There is a psychology to any illness, whether you have chicken pox or a broken leg. There is a particular psychology to a progressive illness or disease, one in which the pain, loss of mobility, and exhaustion are all framed in a race against the clock. The matter of you walking or not, or living or not, is a matter of time and timely treatment and, occasionally, of timely miracles. The sense that time is slipping from you and taking with it your potential to live well or better or at all makes your heart race. The squeeze of time shortens your breath and flips your stomach. It makes small talk and eye contact difficult, and it pushes you to the edge of every seat, one leg rapidly shaking and tapping. Up and down, up and down. You are ready to take flight at any given moment.
Another thing occurs as you begin to identify with yourself as sick or disabled: you think you are too young. You feel ripped off. The irony of Kienbock’s, as well as many other much more serious conditions, is that it generally affects the “young”. Kienbock’s most commonly affects those aged 20 to 40. People just starting their working and family lives. At 37, I am a grandmother in the Kienbock’s family, but I have young children, a new husband, and a new business. I’m just getting started, I feel. I don’t think of myself as old. That youth is a relative concept doesn’t truly become clear until you’re older…or sick. And as they say, youth is wasted on the young.
You believe that the medical profession should be rushing to treat you. You’re a young, vibrant contribution to the world and they’re just letting you waste away. Doctors and medical caregivers, however, have a broader perspective of illness and aging. They realize early on that the big secret is that most of us don’t just suddenly keel over when we’re 90 and go gentle into that good night.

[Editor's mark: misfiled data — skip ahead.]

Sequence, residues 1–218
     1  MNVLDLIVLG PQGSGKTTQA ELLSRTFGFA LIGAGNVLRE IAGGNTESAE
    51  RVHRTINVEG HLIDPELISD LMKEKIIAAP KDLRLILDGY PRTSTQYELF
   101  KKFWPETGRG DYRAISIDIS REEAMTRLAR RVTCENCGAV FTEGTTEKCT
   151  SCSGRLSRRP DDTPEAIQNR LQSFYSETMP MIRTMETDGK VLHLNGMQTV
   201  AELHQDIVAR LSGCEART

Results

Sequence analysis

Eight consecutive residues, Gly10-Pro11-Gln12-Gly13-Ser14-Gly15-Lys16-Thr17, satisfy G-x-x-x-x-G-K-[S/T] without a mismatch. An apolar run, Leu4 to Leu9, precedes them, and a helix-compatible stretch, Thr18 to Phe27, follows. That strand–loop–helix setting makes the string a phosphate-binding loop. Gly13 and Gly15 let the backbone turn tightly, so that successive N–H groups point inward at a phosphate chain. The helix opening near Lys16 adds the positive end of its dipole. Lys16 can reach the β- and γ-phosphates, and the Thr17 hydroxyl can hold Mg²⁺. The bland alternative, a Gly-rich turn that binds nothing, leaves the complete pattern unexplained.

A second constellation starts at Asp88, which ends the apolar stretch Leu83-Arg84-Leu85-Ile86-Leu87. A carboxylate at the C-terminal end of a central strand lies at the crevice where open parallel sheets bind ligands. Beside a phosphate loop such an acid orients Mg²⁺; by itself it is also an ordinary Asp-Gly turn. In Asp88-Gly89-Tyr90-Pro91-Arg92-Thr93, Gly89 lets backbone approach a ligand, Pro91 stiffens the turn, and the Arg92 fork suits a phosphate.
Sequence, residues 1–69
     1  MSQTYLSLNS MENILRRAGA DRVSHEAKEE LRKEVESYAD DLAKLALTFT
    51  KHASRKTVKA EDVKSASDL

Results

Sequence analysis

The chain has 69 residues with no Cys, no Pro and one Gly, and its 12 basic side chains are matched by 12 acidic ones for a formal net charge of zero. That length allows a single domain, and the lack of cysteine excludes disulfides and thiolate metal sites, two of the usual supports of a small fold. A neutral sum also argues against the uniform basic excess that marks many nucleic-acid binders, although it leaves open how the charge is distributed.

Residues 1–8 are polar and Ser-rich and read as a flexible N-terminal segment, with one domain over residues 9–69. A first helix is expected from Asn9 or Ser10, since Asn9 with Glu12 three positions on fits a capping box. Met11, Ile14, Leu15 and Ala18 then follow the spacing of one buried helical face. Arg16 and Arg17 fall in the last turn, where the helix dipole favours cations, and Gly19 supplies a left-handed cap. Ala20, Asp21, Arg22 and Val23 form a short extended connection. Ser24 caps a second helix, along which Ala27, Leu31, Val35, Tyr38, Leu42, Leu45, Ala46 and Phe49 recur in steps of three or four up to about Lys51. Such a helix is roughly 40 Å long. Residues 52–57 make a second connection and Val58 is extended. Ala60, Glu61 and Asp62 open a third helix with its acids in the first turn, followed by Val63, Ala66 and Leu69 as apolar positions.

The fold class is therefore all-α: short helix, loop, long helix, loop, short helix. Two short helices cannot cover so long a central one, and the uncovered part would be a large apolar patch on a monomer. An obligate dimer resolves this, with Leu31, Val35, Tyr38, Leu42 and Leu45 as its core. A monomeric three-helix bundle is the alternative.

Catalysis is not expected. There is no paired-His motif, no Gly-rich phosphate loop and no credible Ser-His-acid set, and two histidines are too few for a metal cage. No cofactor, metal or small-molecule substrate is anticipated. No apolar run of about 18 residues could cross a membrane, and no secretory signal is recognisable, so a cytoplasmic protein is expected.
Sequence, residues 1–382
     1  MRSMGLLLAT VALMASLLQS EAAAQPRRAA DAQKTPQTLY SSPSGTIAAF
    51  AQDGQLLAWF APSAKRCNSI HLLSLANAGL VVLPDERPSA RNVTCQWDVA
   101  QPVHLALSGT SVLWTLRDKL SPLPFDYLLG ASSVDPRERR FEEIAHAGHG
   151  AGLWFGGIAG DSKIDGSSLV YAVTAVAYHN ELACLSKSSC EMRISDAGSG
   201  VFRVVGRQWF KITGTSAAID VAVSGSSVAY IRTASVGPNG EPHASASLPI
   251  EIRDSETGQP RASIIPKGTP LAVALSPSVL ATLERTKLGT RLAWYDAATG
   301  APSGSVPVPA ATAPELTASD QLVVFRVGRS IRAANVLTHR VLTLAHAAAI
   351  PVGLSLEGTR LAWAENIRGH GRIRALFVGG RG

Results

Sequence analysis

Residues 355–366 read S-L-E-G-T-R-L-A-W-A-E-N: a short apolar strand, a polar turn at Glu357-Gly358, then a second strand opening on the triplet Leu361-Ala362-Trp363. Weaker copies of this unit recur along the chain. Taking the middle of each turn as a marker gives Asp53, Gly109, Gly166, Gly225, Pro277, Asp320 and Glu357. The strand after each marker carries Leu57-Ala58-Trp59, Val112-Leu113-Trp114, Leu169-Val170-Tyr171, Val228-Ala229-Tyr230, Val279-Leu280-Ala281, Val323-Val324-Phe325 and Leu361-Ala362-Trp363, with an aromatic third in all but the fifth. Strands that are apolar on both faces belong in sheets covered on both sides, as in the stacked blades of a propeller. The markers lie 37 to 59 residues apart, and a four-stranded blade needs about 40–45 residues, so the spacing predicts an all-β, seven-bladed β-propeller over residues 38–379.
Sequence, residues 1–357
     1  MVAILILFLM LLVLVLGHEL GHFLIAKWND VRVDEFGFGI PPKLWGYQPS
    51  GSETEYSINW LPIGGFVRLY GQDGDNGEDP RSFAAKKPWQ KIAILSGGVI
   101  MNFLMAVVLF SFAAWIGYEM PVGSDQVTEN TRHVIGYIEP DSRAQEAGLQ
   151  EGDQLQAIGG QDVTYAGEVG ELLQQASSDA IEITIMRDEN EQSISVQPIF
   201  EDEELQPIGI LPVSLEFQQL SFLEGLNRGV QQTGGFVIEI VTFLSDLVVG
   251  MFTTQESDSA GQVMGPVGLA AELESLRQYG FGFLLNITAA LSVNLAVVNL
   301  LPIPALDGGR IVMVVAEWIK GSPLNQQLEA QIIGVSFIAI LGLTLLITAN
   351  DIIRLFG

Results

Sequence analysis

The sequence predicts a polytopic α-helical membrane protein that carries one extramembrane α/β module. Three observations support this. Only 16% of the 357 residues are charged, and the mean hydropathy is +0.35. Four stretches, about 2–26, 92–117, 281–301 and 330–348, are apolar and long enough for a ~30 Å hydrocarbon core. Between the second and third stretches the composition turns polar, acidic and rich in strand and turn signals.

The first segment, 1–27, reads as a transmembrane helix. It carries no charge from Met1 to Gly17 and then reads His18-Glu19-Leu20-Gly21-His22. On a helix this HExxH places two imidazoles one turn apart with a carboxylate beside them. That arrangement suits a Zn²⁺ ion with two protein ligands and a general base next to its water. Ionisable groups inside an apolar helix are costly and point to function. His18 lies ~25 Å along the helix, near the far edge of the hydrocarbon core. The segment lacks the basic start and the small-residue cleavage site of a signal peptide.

No, the secret is that our bodies start to break down slowly, lose function bit by bit: bursitis by herniation by emphysema by cancer by toothache. The secret is that there comes a day when one or several "medical" conditions, however minor or serious, exist in your body and there is no cure or treatment, there is simply management. Your body and its activities may be forever limited or altered and there may be chronic pain.
That doctors know this and that their patients can’t fathom or won't accept it is the great disconnect in medical care.
I can’t explain my new, sad sense of self to anyone, not my husband or my closest friend. I feel isolated and pathetically, alone. There is no need for this, for what is tantamount to self-pity, yet this new introversion smothers me, traps me.
My mother, as mothers do, sees the crazy in my eyes, my disconnect from “real” life and unbeknownst to me, is working her way up to a semi-friendly takeover of my medical care. When all is said and done – the numerous phone calls and faxes and costly private consultations (yes, there is a two-tier system in Canada!) - good old Mum has landed me a surgeon. A surgeon who has even treated Kienbock’s.
Dr.G works out of St. Paul’s in Vancouver. Each way, it is a 4-hour car and ferry journey from my home. But you know what, it’s all good because what I need most of all is:
|The Beatles - Help .mp3|
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